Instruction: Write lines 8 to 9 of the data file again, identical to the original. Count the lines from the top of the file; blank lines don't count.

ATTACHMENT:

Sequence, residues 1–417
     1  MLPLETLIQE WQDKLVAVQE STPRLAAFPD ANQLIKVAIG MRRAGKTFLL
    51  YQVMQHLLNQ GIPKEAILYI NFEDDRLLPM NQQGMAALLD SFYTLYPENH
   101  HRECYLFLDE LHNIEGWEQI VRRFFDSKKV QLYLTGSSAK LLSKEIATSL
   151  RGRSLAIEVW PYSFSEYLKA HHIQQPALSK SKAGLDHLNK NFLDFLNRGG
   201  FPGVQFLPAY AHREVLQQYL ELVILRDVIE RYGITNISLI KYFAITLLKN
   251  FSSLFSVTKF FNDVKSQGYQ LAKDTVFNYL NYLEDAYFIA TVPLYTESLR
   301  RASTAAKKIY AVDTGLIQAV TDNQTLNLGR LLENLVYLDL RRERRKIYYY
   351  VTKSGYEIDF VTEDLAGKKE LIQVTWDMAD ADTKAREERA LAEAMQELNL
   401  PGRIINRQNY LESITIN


   301  RASTAAKKIY AVDTGLIQAV TDNQTLNLGR LLENLVYLDL RRERRKIYYY
   351  VTKSGYEIDF VTEDLAGKKE LIQVTWDMAD ADTKAREERA LAEAMQELNL